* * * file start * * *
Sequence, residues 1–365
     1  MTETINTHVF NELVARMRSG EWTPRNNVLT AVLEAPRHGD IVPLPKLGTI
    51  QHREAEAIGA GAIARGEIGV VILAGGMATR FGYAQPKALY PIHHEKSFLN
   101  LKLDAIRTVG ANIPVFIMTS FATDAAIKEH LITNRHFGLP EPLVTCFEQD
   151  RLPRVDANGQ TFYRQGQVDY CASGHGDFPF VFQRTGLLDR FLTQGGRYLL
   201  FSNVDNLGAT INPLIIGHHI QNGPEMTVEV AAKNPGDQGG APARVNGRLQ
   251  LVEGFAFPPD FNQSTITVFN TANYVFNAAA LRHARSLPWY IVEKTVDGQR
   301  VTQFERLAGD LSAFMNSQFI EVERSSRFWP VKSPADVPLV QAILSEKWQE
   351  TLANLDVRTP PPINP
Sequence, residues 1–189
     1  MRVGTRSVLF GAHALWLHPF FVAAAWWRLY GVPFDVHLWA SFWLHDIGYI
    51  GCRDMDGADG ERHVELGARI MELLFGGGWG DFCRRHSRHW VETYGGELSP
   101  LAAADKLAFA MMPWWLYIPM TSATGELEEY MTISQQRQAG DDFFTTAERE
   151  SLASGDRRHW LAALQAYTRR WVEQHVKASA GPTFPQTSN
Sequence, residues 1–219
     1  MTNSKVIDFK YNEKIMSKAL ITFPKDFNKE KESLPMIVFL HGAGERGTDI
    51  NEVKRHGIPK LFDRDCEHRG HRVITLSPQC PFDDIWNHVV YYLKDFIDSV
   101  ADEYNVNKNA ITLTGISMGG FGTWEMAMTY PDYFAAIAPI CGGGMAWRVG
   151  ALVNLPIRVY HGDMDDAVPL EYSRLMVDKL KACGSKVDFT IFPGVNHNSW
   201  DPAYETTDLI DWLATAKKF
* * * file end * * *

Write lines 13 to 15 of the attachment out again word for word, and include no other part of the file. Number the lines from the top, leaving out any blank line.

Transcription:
   101  LAAADKLAFA MMPWWLYIPM TSATGELEEY MTISQQRQAG DDFFTTAERE
   151  SLASGDRRHW LAALQAYTRR WVEQHVKASA GPTFPQTSN
Sequence, residues 1–219